The GlimmerGlass Rebrands to The Olivet Gazette
Olivet Nazarene University’s newspaper has made a big change, transforming from The GlimmerGlass to The Olivet Gazette, rebranding in hopes of starting a new era in the ever changing world of journalism.
The school’s newspaper has been known as The GlimmerGlass since 1941, making decades of memories sharing Olivet’s student news. The newspaper started simply as Olivet News, before making The GlimmerGlass the name that would stick for 79 years to come.
The actual definition of the word glimmerglass refers to, “The vibrant reflection of sunlight on a watery surface,” according to definitions.net.
A lake by that name comes from the writings of American author, James Fennimore Cooper, who wrote Leatherstocking Tales, Pioneers, Home as Found and The Deerslayer. The lake is near the town of Otsego, New York where a GlimmerGlass Opera Company is founded and an annual GlimmerGlass Festival takes place.
In The Deerslayer, Cooper describes the nine-mile lake as “a broad sheet of water, so placid and limpid that it resembled a bed of the pure mountain atmosphere.”
The GlimmerGlass came into existence as a potential name when an Olivet advisor named Bertha Supplee visited upstate New York, and saw the lake that Cooper’s writings were inspired by.
At the start of the 1941-1942 academic year, the Olivet newspaper staff, led by Editor Normalee Phillips, spread an invitation for name suggestions. They wanted a less generic name, a title that would have more meaning behind it. After receiving 150 suggestions, the staff unanimously chose the name The GlimmerGlass.
“The idea for The GlimmerGlass was that the newspaper is a reflection of the life, of the values of Olivet,” said Dr. John Bowling, Olivet Nazarene University’s President. “It’s unique and it talks about reflecting the life that’s all around the environment.”
The decision to change the name has been tossed around a handful of times over the years, but nothing has traveled through the process of fully rebranding up until this point. In order to change the newspaper’s name, the request had to go through Dr. Jay Martinson, past Chair of the Communication Department, and then be introduced and voted on at an Administrative Team meeting.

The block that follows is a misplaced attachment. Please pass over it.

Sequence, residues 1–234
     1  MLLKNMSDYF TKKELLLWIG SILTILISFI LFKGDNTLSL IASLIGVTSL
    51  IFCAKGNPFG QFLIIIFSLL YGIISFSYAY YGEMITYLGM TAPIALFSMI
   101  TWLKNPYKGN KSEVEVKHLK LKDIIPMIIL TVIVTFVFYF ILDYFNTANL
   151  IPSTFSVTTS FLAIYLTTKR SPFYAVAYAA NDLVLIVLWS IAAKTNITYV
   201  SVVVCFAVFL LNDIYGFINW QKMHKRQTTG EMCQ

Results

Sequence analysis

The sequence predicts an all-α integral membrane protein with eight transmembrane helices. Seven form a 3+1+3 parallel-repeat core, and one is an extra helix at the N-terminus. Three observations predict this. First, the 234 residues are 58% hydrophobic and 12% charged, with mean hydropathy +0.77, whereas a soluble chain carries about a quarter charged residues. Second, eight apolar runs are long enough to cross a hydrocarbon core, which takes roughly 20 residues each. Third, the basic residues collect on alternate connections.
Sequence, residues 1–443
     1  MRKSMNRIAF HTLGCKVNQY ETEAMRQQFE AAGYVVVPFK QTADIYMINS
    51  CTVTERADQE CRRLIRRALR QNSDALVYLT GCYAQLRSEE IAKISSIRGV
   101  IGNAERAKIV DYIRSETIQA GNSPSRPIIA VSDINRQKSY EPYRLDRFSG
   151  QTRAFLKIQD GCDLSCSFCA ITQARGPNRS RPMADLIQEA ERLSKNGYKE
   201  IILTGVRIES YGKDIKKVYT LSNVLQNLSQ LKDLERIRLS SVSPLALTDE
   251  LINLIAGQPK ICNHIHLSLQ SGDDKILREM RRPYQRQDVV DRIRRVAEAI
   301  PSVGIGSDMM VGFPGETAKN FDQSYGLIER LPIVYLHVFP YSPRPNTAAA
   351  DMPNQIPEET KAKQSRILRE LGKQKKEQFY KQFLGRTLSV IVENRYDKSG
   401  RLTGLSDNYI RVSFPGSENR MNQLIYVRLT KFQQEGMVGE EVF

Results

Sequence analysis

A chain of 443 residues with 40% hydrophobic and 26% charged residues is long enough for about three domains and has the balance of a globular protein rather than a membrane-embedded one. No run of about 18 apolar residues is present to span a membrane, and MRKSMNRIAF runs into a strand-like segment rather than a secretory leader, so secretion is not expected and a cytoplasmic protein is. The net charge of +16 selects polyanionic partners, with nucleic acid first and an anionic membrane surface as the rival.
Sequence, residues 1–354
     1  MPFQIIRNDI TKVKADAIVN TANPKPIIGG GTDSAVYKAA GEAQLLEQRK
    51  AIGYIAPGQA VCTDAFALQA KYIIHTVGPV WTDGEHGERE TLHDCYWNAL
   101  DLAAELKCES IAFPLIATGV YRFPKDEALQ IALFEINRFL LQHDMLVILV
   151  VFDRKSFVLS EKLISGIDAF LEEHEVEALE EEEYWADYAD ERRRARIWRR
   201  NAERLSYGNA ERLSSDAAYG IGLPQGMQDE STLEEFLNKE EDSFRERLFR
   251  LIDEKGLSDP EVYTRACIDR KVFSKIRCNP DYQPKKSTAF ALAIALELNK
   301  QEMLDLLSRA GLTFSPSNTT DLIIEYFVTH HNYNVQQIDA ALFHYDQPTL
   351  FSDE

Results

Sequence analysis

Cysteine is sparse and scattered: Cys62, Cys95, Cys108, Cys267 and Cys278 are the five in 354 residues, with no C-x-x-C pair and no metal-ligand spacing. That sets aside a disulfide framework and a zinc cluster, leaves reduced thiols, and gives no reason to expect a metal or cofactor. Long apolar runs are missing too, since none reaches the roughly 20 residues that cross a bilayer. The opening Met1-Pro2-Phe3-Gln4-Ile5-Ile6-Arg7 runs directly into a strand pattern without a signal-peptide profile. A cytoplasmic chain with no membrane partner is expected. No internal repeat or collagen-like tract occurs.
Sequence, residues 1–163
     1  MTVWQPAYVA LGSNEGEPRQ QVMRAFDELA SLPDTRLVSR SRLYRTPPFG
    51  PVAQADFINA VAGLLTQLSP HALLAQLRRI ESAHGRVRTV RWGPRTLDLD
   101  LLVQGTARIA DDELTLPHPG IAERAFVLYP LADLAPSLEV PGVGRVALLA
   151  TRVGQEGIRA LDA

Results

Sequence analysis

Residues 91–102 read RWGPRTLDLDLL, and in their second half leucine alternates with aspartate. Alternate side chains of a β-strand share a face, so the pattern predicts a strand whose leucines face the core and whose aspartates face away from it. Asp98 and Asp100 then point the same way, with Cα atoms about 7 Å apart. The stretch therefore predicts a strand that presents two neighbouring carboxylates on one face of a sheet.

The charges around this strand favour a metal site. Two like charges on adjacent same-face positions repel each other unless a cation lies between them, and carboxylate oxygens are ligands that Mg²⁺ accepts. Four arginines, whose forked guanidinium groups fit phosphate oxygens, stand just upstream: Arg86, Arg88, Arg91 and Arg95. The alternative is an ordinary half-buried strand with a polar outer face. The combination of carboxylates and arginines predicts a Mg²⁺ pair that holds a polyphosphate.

2019-2020 Executive Editor, Rachel Hughes and current Executive Editor, Elle Marshall were the students to request the change for the newspaper’s name.
Among some of the biggest reasons for changing the name go along with the way journalism is transforming, such as relying heavily on online platforms rather than print.
As the newspaper relies more on the internet, it’s important to have a name that will come up first on massive search engines such as Google, etc. Students will now be more often searching up the name of the newspaper online, not picking up physical copies on campus like in the past.
“It’s a really good time for [rebranding the newspaper], since we’re moving so much online,” Hughes said. “Slowly, every year we’re moving away from print so the timing made sense.”
Students in the past would read the paper while waiting in line for lunch, or sitting around with friends in academic buildings. They were used to physically seeing what The GlimmerGlass was, and touching it. Now, students search the paper online to interact with it.
“Since making the change to online, I think the name change is really warranted to make it more searchable, and more recognizable,” said Jay Martinson, previous Faculty Advisor of The GlimmerGlass up until this year.
“I love The GlimmerGlass and The Olivet Gazette,” Martinson adds. “I think it’s so important, for not only communication majors but students across the discipline to get involved in journalism. I think this name change will enlarge our viewership, our readership.”
The Olivet Gazette can be found on Facebook, Twitter and Instagram @olivetgazette.
“I feel really good about The GlimmerGlass, The Olivet Gazette; I’ve been very proud of it the past few years,” Dr.Bowling says. “I’m looking forward to this new year, and the new name will be part of the new year.”